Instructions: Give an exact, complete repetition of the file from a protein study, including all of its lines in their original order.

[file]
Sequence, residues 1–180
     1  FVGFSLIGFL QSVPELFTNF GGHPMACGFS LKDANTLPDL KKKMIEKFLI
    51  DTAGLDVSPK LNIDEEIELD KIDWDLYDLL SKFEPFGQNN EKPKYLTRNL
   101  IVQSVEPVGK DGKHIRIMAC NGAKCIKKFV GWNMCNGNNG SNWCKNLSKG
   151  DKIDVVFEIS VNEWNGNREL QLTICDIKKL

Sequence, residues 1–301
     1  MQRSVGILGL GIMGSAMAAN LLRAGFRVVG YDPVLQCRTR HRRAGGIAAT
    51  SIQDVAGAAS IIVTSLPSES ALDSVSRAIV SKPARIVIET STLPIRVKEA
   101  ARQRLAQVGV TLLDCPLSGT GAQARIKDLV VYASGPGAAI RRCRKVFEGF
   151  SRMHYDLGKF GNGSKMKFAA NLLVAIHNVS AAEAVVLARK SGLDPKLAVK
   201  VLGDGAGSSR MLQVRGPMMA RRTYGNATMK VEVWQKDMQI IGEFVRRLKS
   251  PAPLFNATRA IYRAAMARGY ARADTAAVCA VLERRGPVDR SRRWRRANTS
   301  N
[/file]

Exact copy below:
Sequence, residues 1–180
     1  FVGFSLIGFL QSVPELFTNF GGHPMACGFS LKDANTLPDL KKKMIEKFLI
    51  DTAGLDVSPK LNIDEEIELD KIDWDLYDLL SKFEPFGQNN EKPKYLTRNL
   101  IVQSVEPVGK DGKHIRIMAC NGAKCIKKFV GWNMCNGNNG SNWCKNLSKG
   151  DKIDVVFEIS VNEWNGNREL QLTICDIKKL

Sequence, residues 1–301
     1  MQRSVGILGL GIMGSAMAAN LLRAGFRVVG YDPVLQCRTR HRRAGGIAAT
    51  SIQDVAGAAS IIVTSLPSES ALDSVSRAIV SKPARIVIET STLPIRVKEA
   101  ARQRLAQVGV TLLDCPLSGT GAQARIKDLV VYASGPGAAI RRCRKVFEGF
   151  SRMHYDLGKF GNGSKMKFAA NLLVAIHNVS AAEAVVLARK SGLDPKLAVK
   201  VLGDGAGSSR MLQVRGPMMA RRTYGNATMK VEVWQKDMQI IGEFVRRLKS
   251  PAPLFNATRA IYRAAMARGY ARADTAAVCA VLERRGPVDR SRRWRRANTS
   301  N